What is Spinal Stenosis?

Stenosis is a narrowing of the spinal canal due to the encroachment of disc material or bony growths that squeeze and irritate the spinal cord and/or extending nerve roots.  This can lead to pain, numbness, tingling, or weakness in the legs, feet, or buttocks.  The benefits that many stenosis patients derive from VAX-D may be due to its positive re-positioning and rejuvenating effect on the herniated and degenerative discs that often accompany stenosis.  Spinal stenosis, which may be found in conjunction with other spinal conditions, is commonly a contributing cause for sciatic symptoms.

What is Degenerative Disc Disease?

Degenerative disc disease is not technically a disease, but rather a state of disc dehydration and deterioration due to a combination of cumulative trauma, poor dietary and exercise habits, and aging.  As discs degenerate they become more prone to failure from physical stress, which may tear disc fibers and result in more complications, such as osteoarthritis, disc bulging, disc herniation, and stenosis.

Many spine experts conclude that the vacuum of negative pressure created within discs by VAX-D helps attract moisture from surrounding tissue, re-hydrating and revitalizing thinning and torn degenerated discs.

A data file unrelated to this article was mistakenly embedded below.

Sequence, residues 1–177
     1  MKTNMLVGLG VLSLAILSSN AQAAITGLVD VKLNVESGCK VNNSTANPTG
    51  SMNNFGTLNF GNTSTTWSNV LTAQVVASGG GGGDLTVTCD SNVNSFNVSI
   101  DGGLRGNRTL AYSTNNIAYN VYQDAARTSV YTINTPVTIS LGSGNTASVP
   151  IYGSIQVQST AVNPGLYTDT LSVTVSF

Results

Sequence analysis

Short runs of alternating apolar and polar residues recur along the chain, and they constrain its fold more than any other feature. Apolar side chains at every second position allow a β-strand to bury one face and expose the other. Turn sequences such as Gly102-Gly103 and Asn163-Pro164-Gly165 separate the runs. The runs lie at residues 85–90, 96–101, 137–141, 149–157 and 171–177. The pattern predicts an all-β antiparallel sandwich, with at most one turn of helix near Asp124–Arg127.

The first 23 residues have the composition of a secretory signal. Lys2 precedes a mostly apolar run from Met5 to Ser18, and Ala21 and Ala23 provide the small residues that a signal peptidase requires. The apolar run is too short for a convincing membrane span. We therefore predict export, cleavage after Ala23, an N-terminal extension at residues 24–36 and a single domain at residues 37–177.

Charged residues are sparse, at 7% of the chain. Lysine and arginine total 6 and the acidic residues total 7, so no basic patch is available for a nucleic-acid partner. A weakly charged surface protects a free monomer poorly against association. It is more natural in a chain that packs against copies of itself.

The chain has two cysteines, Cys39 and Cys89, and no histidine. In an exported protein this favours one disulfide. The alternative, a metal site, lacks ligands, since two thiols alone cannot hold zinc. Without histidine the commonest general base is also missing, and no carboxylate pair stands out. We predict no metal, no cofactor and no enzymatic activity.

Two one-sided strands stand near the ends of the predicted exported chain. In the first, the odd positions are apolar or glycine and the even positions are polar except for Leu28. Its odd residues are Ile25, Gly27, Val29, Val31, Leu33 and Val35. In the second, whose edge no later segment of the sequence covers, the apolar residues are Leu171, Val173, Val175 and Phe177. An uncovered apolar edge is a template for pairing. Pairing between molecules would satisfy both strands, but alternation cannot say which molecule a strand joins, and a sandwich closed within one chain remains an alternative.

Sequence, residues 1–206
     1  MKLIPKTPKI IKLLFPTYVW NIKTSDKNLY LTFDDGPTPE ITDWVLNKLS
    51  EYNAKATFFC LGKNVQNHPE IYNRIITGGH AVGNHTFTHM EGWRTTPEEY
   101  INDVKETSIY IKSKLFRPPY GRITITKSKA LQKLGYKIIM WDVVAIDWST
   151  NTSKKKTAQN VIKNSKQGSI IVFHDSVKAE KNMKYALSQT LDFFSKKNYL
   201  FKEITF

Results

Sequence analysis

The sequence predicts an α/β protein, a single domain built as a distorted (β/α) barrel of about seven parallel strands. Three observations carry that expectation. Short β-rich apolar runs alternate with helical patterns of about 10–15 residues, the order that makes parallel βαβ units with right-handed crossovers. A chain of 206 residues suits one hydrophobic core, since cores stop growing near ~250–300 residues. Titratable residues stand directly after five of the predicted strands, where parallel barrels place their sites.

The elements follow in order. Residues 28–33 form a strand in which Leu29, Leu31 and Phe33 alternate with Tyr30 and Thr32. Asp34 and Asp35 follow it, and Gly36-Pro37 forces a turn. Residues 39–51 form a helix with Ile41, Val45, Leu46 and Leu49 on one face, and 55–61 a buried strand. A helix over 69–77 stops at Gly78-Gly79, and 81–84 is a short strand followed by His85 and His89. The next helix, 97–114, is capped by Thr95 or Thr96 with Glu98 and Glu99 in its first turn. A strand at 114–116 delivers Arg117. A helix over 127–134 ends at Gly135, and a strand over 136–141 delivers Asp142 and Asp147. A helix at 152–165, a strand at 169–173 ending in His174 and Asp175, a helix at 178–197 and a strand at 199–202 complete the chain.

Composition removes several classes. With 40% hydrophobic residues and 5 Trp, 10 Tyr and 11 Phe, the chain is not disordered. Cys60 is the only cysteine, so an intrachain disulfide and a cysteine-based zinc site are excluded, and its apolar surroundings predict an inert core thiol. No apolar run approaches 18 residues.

If You Don’t Use It, You’ll Lose It

Traumatic spinal injuries may cause patients to avoid their normal daily activities.  Without proper treatment, pain will progressively worsen, resulting in decreased physical activity and gradual weakening of the supportive spinal muscles, leading to accelerated disc degeneration.

Going, Going… and Finally Gone.

Phase I: Dysfunctional

Phase I of degenerative disc disease is categorized by tears around the outer surface of the annulus.  Further damage to the disc and surrounding tissue is exacerbated by the less effective disc.

Phase II: Unstable

In Phase II, the joint progressively loses strength.  Disc changes include further tearing along the horizontal axis of the disc, greater loss of disc height, and cartilage degeneration.

Phase III: Stabilization

Further loss of disc height, disc space narrowing, moderate to severe endplate damage, disc fibrosis, and the formation of osteophytes can eventually cause surrounding vertebrae to fuse together.